Tonight, I feel exhausted, a little anxious, and lots to be grateful for. Tomorrow, we will finish putting the outer coat of paint on the set, and get ready for the 'sponging'. The sponging is what gives the set texture, so that there is a dimensional look. After that, we will do another run through with props. Sunday, we will finish sponging, and hang the lights. There are six lighting areas to focus, two surprise specials, and three 'down specials', which will be one of the final elements of 'getting ready'. After the lighting and sponging are finished, we will do another run through. Monday will be our 'cue to cue', which is where we go through the show point by point, placing our lighting and sound changes. This is the longest rehearsal of the lot. It will probably take us four hours to do the 'cue to cue'. (A cue is a sound, line, movement, etc., that lets the light and sound board operator know when a change occurs). And then, Tuesday and Wednesday will be our full tech and dress rehearsals, to prepare for a preview on Thursday. In this situation, a preview is a performance with an invited audience, so that I can have some idea what the audience might react to. For example, if there is a line that creates a laugh from the audience, there may be an interruption of the rhythm, so I can be somewhat prepared to 'hold' for that particular laugh. In a new play, you don't really know what may be funny or not. It does not, however, just pertain to laughter. Sometimes, a 'dramatic moment' might hold the rhythm up as well. So, the show becomes a technical exercise as well as a repetitive exercise. It is almost ready. I hope some of you can come. I will have a great time telling you this story in this amazing form of theatre! Goodnight...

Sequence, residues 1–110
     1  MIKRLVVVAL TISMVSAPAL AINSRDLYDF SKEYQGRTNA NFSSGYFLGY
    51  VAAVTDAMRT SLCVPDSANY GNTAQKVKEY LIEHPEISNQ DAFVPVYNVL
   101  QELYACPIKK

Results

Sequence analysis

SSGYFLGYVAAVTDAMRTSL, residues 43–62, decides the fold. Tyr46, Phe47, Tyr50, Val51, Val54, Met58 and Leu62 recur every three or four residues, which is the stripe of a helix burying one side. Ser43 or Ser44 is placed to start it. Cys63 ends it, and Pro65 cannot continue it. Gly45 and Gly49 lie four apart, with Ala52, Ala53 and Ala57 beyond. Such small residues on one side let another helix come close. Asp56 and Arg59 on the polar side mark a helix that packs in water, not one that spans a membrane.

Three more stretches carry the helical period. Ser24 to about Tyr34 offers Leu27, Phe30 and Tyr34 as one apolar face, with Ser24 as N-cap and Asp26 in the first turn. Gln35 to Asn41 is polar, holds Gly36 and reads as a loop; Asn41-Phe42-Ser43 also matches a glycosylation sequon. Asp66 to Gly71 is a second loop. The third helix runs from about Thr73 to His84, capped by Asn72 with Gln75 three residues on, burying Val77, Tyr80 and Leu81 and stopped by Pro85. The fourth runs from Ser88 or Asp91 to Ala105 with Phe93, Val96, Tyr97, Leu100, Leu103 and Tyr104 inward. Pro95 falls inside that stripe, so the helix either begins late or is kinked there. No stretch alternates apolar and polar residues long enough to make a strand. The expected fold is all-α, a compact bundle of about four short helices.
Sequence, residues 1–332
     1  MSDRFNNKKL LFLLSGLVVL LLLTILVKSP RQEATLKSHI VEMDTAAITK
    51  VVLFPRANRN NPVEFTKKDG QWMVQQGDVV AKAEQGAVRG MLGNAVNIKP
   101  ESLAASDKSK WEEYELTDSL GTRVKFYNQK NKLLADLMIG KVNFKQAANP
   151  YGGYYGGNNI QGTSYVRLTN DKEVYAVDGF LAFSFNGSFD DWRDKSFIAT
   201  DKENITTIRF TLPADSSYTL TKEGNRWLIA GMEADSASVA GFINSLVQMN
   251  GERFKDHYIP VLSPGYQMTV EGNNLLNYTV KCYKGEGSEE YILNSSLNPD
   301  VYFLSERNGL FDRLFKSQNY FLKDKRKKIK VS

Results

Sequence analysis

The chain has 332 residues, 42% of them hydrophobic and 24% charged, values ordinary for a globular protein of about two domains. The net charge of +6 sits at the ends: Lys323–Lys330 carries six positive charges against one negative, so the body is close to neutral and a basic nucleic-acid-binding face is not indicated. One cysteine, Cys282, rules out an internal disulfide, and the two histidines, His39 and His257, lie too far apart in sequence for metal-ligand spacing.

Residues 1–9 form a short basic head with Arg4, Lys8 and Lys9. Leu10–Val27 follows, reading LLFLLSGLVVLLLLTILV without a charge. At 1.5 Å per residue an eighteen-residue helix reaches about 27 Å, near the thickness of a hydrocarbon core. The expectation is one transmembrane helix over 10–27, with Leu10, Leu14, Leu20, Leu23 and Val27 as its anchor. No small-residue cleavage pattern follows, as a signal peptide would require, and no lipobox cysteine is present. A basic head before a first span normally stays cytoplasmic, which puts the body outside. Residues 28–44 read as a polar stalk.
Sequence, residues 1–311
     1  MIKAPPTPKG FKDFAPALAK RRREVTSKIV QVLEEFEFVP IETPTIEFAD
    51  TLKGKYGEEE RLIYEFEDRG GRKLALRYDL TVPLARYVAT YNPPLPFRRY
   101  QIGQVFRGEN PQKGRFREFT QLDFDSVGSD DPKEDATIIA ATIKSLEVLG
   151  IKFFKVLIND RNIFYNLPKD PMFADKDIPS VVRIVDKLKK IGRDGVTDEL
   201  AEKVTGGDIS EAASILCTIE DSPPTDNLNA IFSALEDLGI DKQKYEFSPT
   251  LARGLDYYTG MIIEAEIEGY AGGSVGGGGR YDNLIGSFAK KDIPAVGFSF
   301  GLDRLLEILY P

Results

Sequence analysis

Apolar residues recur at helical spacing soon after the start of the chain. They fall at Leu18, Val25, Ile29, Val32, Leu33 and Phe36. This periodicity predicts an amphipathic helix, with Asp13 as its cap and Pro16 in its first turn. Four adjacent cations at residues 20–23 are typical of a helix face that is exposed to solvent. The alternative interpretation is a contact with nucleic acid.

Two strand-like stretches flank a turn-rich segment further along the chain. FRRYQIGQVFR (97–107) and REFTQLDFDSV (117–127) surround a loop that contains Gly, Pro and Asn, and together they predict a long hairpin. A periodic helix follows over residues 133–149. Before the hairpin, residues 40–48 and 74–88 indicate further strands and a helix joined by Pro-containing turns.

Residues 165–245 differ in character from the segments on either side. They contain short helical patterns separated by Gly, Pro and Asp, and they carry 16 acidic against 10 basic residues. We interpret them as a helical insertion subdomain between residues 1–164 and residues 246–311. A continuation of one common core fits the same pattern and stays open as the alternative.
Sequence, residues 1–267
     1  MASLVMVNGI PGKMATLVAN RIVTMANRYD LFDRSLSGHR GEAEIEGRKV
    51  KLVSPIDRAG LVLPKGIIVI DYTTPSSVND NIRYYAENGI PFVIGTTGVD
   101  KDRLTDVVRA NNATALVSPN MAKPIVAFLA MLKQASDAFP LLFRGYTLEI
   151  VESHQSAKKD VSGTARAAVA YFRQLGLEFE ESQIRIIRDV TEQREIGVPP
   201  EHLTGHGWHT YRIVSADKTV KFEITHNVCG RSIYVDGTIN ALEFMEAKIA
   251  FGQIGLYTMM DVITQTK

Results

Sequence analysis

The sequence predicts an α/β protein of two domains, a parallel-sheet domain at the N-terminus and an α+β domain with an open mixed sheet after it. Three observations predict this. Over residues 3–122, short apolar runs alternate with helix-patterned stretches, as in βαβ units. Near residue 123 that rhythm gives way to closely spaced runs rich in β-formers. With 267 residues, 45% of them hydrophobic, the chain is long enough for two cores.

5 comments:

Gerry said...